Word of Wisdom doesn’t work for obesity?

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In This Article it says that in a recent BYU study, the LDS were 14 percent more likely than nonmembers to be obese and that eating may substitute for other forbidden indulgences.

I’d be interested in hearing peoples opinions on the findings of the study as they relate to the observance (or non-observance) to the Word of Wisdom.

24 thoughts on “Word of Wisdom doesn’t work for obesity?

  1. Oh I’d agree with this big time. Members (when it comes to the WoW) have a tendency to focus on the things spelled out for them and forget the moderation part and also the fact the Lord expects us to use our common sense and brains. The treats and junk food at church events…good grief. It wouldn’t surprise me at all to find LDS use these oh so tasty things as substitutes. At least, not necessarily a substitute, but since humans have a tendency to have a problem with the whole moderation issue, and we all have a tendency to be addicted to SOMETHING then, yep.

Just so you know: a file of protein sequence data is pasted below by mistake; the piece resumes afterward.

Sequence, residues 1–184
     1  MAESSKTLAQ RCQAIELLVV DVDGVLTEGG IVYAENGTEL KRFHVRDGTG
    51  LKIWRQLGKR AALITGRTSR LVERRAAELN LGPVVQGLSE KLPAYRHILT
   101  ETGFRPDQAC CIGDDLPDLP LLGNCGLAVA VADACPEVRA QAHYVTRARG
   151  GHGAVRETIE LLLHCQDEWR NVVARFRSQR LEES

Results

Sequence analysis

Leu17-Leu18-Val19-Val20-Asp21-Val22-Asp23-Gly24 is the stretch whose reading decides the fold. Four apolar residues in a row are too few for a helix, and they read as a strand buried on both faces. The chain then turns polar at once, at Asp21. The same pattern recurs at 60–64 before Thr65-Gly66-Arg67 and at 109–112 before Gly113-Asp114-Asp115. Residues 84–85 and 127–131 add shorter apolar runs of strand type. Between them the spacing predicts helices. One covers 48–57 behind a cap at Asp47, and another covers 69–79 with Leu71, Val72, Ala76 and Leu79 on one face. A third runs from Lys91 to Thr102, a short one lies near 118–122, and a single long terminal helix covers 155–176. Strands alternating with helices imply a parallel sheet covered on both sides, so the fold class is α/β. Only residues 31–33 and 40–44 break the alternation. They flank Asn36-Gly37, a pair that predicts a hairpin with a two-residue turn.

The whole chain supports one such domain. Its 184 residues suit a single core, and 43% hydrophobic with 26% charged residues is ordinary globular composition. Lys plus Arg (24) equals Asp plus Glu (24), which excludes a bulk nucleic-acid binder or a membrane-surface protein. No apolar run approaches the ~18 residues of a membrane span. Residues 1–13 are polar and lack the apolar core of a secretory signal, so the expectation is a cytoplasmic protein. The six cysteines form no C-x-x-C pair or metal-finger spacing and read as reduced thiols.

Being a reformed sugar fanatic myself I know whereof I speak. Besides, anyone see the ads in LDS Living for the white bread and cinnamon buns?? OI, healthy eating it is not.

    It’s generally members who think we are crazy to reduce refined sugar for our children. Literally. I have had people suggest we are depriving them, etc etc. Depriving them of what? Unhealth?

    My grandpa used to say that pop is just as bad for you as alcohol is, and I agree with him. Mainly because it is so subversive. People think alcohol is addictive and those same people easily down 5-10 cans of pop a day and think nothing of it, perhaps not realising what havoc is being wreaked on their bodies because of the sugar rampaging in their system. And sugar is just one thing. Oh don’t get me started, when it comes to nutrition I can talk a blue streak about it.

  2. Sugar isn’t a problem for me. Chocolate, candy, pop, and cake do nothing for me. Yet I am somewhat overweight. My problem is things like pasta, roast beef, gravy, cheese, peanut butter, pizza, and milk. I’d take that stuff over sugar any day.

    You are right Mary, moderation is the key. Some things should not be ingested at all (alcohol, tobacco, etc.) and most everything else is fine in moderation.